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Traditional or Digital?

Luxtra

Blue Jacket
~ Z ~ said:
I like both in all honesty. Both have their pros and cons. Digital art is a bit easier for me because I can just click 'undo' and it gives me a bit more of an open window. Traditional art is the same but just a bit harder to erase your mistakes. xDD

Pretty much the same for me. All in all I like digital art a bit more because of the "undo" option. I tend to make a lot of mistakes OTL
 

Snowball Cay

Green Jacket
Luxtra said:
~ Z ~ said:
I like both in all honesty. Both have their pros and cons. Digital art is a bit easier for me because I can just click 'undo' and it gives me a bit more of an open window. Traditional art is the same but just a bit harder to erase your mistakes. xDD

Pretty much the same for me. All in all I like digital art a bit more because of the "undo" option. I tend to make a lot of mistakes OTL

I like both too.
 

LoopyPanda

Black Jacket
95% of my complete drawings are digitally done. But that's probably because I like working in layers and don't have to worry about smearing colors. I'm left handed so a lot of the time my sketches lose their lines from my hand smearing the pencil off. Ink helps but if I'm not careful I mess up that too lol.

And every time I make a mistake on paper, I make the motion my hand does for Ctrl Z for undoing it. XD
 

~ Z ~

Black Jacket
I am so used to traditional that I just simply cannot do digital. Well... I CAN but it takes me twice the amount of time mostly because I haven't really been exposed to it or really used to it. I wish I can work with Digital art better, or, at least, as good as my traditional. That way I can save paper! xDD
 

LoopyPanda

Black Jacket
ShineCero said:
Well, in terms of drawing digitally, what kind of drawing tablet do you guys use? How did you get use to not seeing your drawings when using one? xD

I use the Wacom CTE-440. Which compared to oother digital artists, is rather outdated/a very basic tablet. Since it isn't even wireless/battery powered, you have a USB cable to plug in to your laptop.
cte-440s-01.jpg


Mine however is white and doesn't come with a rubber grip, but that's probably because my tablet was a hand-me-down gift from my cousin when she got an upgrade on her drawing tablet.

This one comes with a little plastic cover you can lock into place; when I first got this tablet (8th grade) I was drawing things with Windows XP Paint and Manga Studio Debut. 

At first, it was pretty difficult since the sense of space and keeping your eyes on a screen rather than your hand is leagues different. How I sotuated myself into it was putting small doodles I wanted to lineart under this hard plastic cover and it allowed me to look at my hand while I drew-- the drawback was I had to be careful where I put the drawing and to make sure the cursor was 'pulled' center front (which is easy by flicking the pen to guide your cursor). Outside that square, the cursor stops (not the case when you keep the cover off though). So I essentially restricted the freedom of my hand to force myself to look at the screen. 

SAI is much more flexible than MS and Paint are; since you can just rotate the whole canvas by clicking the button to get that curve or line right. 

To learn to switch between paper and screen art takes time; I used my tablet whenever I got the chance while I used the computer and kept my hand drawings to my notebook doodles. If you consistently use the tablet and start out on simple small drawings, it progressively situates you.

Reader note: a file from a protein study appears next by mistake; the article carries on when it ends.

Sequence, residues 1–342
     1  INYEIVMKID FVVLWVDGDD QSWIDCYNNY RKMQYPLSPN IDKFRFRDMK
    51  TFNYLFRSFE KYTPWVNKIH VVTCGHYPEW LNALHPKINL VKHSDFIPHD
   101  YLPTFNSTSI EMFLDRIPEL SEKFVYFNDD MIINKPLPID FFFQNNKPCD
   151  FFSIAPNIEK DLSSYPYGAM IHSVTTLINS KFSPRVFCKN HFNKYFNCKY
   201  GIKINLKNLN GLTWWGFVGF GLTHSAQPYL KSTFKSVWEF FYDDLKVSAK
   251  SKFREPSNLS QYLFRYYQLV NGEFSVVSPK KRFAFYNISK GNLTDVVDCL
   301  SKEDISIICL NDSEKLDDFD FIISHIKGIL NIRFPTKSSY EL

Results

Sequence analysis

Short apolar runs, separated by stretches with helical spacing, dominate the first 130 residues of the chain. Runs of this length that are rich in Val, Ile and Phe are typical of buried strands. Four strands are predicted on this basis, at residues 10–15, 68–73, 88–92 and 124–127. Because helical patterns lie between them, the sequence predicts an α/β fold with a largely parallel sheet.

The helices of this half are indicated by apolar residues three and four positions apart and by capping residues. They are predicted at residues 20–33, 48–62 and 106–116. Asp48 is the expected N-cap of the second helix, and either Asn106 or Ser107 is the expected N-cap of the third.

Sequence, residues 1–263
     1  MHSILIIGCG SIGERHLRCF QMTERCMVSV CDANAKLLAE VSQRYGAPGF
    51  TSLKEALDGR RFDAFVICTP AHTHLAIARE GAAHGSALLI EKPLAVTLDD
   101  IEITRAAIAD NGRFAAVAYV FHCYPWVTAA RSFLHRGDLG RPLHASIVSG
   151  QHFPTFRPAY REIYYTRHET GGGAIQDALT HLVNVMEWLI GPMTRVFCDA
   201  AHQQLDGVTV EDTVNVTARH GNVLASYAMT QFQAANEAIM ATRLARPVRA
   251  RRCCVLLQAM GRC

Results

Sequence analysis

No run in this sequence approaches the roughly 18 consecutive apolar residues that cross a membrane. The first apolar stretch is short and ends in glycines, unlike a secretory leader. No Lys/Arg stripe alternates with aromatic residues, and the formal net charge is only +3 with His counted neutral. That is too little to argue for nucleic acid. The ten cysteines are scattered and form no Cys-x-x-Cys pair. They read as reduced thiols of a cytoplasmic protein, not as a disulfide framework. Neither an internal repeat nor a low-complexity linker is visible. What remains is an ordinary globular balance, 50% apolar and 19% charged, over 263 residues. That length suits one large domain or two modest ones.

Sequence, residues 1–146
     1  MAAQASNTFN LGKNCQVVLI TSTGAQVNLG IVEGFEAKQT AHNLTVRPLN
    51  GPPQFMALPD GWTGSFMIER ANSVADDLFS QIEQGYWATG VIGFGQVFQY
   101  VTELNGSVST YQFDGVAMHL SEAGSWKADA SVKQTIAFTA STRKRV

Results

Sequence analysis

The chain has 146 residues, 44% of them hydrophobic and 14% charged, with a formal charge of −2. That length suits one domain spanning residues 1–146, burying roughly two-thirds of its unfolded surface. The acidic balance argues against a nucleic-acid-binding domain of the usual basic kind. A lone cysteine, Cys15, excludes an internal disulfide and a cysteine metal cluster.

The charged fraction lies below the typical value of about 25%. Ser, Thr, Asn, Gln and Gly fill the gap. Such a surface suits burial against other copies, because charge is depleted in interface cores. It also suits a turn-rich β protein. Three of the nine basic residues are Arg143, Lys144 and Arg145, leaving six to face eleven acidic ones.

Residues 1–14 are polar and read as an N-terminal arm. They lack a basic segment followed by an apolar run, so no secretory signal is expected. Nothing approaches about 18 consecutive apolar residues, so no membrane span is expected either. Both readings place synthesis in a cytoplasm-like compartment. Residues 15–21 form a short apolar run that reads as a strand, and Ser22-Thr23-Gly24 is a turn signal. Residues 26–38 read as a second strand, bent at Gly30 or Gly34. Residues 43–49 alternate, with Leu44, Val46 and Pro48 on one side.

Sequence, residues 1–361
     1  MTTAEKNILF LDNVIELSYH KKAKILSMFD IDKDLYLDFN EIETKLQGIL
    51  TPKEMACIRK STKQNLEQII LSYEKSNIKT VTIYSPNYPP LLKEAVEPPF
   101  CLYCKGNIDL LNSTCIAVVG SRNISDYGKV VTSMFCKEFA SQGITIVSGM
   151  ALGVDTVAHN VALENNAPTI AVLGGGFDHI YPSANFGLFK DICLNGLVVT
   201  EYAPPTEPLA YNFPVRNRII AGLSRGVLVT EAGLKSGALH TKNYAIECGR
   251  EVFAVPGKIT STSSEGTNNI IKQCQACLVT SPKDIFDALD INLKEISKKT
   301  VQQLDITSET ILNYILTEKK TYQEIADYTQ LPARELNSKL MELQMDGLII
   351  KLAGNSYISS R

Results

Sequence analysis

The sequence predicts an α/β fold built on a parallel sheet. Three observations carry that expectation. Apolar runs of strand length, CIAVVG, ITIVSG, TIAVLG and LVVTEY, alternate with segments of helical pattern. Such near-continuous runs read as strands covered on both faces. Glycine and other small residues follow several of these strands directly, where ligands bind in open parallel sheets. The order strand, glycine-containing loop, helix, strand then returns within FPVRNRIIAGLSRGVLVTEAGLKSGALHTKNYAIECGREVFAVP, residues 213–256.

Nick

Green Jacket
I like traditional, it tends to look better in my opinion, digital is usually too clean
LoopyPanda said:
95% of my complete drawings are digitally done. But that's probably because I like working in layers and don't have to worry about smearing colors. I'm left handed so a lot of the time my sketches lose their lines from my hand smearing the pencil off. Ink helps but if I'm not careful I mess up that too lol.

And every time I make a mistake on paper, I make the motion my hand does for Ctrl Z for undoing it. XD

Layers are the only way I can make art that is clean, and although I usually don't smear that much, Im still terrible at erasing things and so I just have indented lines all throught my work from terrible erasing skills and too heavy of hands...


ShineCero said:
Well, in terms of drawing digitally, what kind of drawing tablet do you guys use? How did you get use to not seeing your drawings when using one? xD

I have a Wacom Intuos pro medium, It has no screen so it was hard to get used to, and it has a ton of features that I can't use because Im a poor sod and don't have photoshop, so I instead use Paint-dot-net (Getpaint.net).
I also don't have a scanner so none of my had drawn art can really be put up online, besides, its all on lined paper and ugly.

Still terrible at art though...
 

ShineCero

The Strongest
ADMINISTRATOR
LoopyPanda said:
ShineCero said:
Well, in terms of drawing digitally, what kind of drawing tablet do you guys use? How did you get use to not seeing your drawings when using one? xD

I use the Wacom CTE-440. Which compared to oother digital artists, is rather outdated/a very basic tablet. Since it isn't even wireless/battery powered, you have a USB cable to plug in to your laptop.
cte-440s-01.jpg


Mine however is white and doesn't come with a rubber grip, but that's probably because my tablet was a hand-me-down gift from my cousin when she got an upgrade on her drawing tablet.

This one comes with a little plastic cover you can lock into place; when I first got this tablet (8th grade) I was drawing things with Windows XP Paint and Manga Studio Debut. 

At first, it was pretty difficult since the sense of space and keeping your eyes on a screen rather than your hand is leagues different. How I sotuated myself into it was putting small doodles I wanted to lineart under this hard plastic cover and it allowed me to look at my hand while I drew-- the drawback was I had to be careful where I put the drawing and to make sure the cursor was 'pulled' center front (which is easy by flicking the pen to guide your cursor). Outside that square, the cursor stops (not the case when you keep the cover off though). So I essentially restricted the freedom of my hand to force myself to look at the screen.